25 Likert Scale Examples to Add to Your Survey

25 most commonly used Likert scale examples to include in your survey for gathering more in-depth valuable information.

likert scale

Likert scales are one of the most common research methods used in both paper and online surveys. They are a quick and easy way to get a sense of how people feel about an issue, product, or service.

Almost every survey has these question types. It is very likely that by now, you have also filled out a survey in which the offered answer options ranged from very good to very bad.

In this blog post, we’re going to talk about some Likert scale examples, so you can decide for yourself what works best for you to achieve your goals.

Also, you will learn what the Likert scale is, what Likert-style questions you can implement in your survey template, and how you can design a Likert-type scale in few easy steps.

Let’s dive in.

What’s inside?

1. What is a Likert scale?

2. Likert scale examples

3. Examples of Likert scale questions to measure customer satisfaction

4. Steps to design a Likert scale 

What is a Likert Scale?

LIkert style rating scale

The Likert scale is a rating system/ rating scale used in surveys and questionnaires to measure people’s attitudes, opinions, or perceptions. 

The psychometric scale is named after the renowned psychologist Rensis Likert, who invented the Likert scale to measure the intensity of feelings.

When answering Likert scale questions, respondents need to choose an answer that implicates to what extent they agree or disagree with a given series of statements.

For example:

“The website has a user-friendly interface.”

Then respondents have to choose some of the following answers:

  • Strongly agree
  • Agree
  • Neutral
  • Disagree
  • Strongly disagree

You can also find these statements in the literature named as Likert items.

Besides the level of agreement, researchers can also use the Likert scale for measuring the frequency, likelihood, importance, and quality of a product or service.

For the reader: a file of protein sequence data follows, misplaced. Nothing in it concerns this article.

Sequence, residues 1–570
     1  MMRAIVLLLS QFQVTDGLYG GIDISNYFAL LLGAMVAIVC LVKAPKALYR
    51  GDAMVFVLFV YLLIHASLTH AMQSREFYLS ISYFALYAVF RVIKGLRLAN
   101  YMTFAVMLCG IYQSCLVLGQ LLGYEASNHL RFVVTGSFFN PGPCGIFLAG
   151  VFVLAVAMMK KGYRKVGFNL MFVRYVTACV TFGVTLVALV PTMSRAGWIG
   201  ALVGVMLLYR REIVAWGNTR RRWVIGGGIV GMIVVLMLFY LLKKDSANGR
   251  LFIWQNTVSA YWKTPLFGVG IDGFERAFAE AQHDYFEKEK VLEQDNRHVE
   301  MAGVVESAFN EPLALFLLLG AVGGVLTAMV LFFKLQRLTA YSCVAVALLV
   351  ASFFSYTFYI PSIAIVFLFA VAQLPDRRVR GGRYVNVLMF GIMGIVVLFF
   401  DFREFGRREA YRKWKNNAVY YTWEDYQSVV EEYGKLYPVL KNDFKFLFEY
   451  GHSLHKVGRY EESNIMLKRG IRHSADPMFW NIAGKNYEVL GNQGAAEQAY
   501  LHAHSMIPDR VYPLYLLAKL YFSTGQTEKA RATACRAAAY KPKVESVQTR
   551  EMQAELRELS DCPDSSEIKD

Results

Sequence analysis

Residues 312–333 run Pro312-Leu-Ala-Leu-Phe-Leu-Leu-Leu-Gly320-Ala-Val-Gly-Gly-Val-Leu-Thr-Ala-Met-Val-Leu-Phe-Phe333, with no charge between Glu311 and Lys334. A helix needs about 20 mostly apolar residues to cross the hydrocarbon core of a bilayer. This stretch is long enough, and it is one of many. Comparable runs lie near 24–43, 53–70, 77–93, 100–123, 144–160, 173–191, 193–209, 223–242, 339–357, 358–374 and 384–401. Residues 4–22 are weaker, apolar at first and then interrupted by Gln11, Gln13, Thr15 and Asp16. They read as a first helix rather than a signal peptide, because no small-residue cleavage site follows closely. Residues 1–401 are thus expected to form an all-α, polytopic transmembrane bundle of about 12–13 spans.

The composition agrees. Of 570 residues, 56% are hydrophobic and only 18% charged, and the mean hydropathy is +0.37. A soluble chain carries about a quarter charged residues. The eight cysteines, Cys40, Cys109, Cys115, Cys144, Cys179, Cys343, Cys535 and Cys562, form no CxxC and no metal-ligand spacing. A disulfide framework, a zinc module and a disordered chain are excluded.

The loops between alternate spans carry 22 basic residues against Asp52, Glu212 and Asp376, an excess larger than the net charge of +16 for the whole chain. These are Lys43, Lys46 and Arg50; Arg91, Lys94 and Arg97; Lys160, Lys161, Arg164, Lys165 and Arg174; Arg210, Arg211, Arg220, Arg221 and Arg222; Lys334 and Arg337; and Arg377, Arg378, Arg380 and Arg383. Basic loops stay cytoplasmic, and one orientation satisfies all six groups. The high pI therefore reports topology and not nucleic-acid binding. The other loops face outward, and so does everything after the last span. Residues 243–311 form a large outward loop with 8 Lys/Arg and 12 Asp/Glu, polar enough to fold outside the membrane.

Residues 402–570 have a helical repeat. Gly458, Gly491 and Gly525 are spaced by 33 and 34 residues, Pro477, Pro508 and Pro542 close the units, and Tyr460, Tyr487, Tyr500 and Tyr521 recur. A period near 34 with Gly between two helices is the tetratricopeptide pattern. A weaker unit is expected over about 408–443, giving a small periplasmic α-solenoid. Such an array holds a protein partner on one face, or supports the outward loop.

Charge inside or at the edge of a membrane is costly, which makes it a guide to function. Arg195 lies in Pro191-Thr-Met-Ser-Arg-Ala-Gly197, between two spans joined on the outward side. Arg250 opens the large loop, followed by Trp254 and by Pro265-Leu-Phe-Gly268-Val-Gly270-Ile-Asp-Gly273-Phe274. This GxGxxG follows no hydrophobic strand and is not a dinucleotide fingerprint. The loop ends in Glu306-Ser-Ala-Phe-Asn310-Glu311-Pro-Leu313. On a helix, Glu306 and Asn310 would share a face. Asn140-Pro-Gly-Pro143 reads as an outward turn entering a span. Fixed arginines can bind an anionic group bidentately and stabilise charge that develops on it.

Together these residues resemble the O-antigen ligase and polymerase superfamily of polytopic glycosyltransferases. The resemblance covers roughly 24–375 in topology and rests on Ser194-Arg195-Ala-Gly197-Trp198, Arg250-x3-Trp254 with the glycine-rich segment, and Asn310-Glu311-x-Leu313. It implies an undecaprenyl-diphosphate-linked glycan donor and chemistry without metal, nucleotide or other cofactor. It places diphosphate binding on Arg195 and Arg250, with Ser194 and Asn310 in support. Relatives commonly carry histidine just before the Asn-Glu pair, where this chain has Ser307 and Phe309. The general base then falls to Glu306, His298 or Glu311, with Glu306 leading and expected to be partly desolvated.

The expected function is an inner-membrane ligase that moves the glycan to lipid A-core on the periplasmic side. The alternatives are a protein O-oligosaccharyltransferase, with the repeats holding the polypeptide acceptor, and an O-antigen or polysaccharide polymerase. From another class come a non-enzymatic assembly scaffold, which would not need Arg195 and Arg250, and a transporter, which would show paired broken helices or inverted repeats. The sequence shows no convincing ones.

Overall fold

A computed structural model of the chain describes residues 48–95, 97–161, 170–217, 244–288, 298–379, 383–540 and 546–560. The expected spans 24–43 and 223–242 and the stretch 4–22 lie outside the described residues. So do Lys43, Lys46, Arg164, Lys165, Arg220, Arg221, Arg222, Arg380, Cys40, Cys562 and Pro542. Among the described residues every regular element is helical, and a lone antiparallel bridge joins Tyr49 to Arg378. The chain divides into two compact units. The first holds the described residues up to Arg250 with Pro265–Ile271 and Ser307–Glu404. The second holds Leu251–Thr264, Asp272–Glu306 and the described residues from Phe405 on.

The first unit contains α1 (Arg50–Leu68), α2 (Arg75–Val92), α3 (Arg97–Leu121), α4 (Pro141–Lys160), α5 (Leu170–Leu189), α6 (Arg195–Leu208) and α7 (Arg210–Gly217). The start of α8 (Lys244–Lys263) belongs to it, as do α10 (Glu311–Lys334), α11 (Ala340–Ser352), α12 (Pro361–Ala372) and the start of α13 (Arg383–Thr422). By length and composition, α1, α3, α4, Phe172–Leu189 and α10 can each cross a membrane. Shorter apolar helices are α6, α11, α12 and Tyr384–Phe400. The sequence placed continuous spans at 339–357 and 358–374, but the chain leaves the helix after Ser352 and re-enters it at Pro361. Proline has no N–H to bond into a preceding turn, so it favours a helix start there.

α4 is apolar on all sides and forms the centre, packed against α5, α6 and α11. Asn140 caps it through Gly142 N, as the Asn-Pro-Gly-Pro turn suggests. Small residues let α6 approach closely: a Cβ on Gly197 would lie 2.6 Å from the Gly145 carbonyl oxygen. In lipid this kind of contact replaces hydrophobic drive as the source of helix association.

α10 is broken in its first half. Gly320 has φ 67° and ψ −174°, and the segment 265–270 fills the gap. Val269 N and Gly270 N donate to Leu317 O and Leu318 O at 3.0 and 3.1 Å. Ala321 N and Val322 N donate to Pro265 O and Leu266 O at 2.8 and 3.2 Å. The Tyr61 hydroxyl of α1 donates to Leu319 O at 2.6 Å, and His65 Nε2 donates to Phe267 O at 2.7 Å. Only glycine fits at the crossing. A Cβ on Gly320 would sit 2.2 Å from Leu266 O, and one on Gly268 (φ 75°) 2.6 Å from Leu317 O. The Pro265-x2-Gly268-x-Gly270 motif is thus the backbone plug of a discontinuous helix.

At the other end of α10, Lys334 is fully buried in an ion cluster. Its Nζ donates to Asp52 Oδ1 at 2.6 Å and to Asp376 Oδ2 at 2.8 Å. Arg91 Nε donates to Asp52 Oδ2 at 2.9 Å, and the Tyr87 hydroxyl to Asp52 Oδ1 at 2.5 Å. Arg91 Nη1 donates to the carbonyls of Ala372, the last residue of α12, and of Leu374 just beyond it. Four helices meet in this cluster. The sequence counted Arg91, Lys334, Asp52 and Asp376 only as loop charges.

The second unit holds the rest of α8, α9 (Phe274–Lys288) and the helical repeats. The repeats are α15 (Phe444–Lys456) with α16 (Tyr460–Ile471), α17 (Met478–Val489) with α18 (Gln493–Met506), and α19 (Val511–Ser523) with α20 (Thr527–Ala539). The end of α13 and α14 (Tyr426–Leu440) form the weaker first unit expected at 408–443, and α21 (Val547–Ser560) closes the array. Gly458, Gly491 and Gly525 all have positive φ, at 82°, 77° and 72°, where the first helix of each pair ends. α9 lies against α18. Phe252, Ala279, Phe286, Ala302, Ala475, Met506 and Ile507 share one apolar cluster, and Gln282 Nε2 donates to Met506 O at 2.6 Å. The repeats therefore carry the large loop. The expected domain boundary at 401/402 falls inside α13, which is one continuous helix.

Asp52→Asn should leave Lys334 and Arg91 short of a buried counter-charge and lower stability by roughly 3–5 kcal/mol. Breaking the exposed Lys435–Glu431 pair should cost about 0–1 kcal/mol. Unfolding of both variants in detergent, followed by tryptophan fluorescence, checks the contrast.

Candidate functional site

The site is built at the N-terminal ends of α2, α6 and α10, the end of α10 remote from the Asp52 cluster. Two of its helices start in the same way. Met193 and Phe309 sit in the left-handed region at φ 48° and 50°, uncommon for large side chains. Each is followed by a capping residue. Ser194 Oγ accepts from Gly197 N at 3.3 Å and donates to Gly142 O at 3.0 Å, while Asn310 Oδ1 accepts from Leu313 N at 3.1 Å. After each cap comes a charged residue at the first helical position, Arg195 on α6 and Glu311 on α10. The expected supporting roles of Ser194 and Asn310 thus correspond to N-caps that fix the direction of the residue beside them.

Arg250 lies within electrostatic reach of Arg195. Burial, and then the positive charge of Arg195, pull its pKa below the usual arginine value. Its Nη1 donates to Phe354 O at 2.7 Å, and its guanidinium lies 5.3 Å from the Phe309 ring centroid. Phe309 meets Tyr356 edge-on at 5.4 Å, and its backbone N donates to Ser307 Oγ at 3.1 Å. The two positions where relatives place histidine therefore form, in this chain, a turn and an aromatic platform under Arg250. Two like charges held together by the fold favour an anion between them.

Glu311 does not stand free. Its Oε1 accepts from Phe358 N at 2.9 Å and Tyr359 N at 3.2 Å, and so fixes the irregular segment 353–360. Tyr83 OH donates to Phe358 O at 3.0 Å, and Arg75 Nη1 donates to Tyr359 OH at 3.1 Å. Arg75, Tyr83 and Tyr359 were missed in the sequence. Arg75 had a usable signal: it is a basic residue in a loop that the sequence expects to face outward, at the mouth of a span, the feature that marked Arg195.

This is done by giving relevant Likert scale responses, which we discuss in the Likert scale examples section.

The Likert scale is an integral part of many studies, both complex and straightforward. It is one of the easiest and most popular ways to get information related to customers’ feelings and opinions about a particular product or service.

Likert Scale Examples

Respondents may be offered a scale of 3 to 7, or even 9 previously offered answers. Also, there is a neutral option offered for the undecided respondents at the midpoint of the answer options.

Likert scale survey examples

Each of these categories has a numeric value used to measure respondents’ attitudes and opinions.

The number of responses depends on how in-depth and diverse the data you want to collect for your research. 


Three-point Likert scale example for agreement

  • Agree
  • Neither agree nor disagree
  • Disagree

Four-point Likert scale example for agreement 

  • Strongly agree
  • Agree
  • Disagree
  • Strongly disagree

Five-point Likert scale example for agreement

  • Strongly agree
  • Agree
  • Neither agree nor disagree
  • Disagree
  • Strongly disagree

Seven-point Likert scale example for agreement

  • Strongly agree
  • Agree
  • Somewhat agree
  • Neither agree nor disagree
  • Somewhat disagree
  • Disagree
  • Strongly disagree


Four-point Likert scale example for satisfaction:

  • Very satisfied
  • Satisfied
  • Dissatisfied
  • Very dissatisfied

Five-point Likert scale example for satisfaction 

  • Highly satisfied
  • Satisfied 
  • Neutral
  • Dissatisfied
  • Highly dissatisfied 

Seven-point Likert scale example for satisfaction:

  • Completely satisfied
  • Mostly satisfied
  • Somewhat satisfied
  • Neither satisfied nor dissatisfied
  • Somewhat satisfied
  • Mostly dissatisfied
  • Completely dissatisfied


Four Point Likert Scale Example for Frequency

  • Never
  • Rarely 
  • Often
  • Every Time

Five-point Likert scale for frequency 

  • Never
  • Rarely
  • Sometimes
  • Often
  • Every time


Four-point Likert scale example for likelihood

  • Very unlikely 
  • Unlikely
  • Likely 
  • Very likely

Five-point Likert scale example for likelihood

  • Very unlikely 
  • Unlikely
  • Neither likely nor unlikely 
  • Likely 
  • Very likely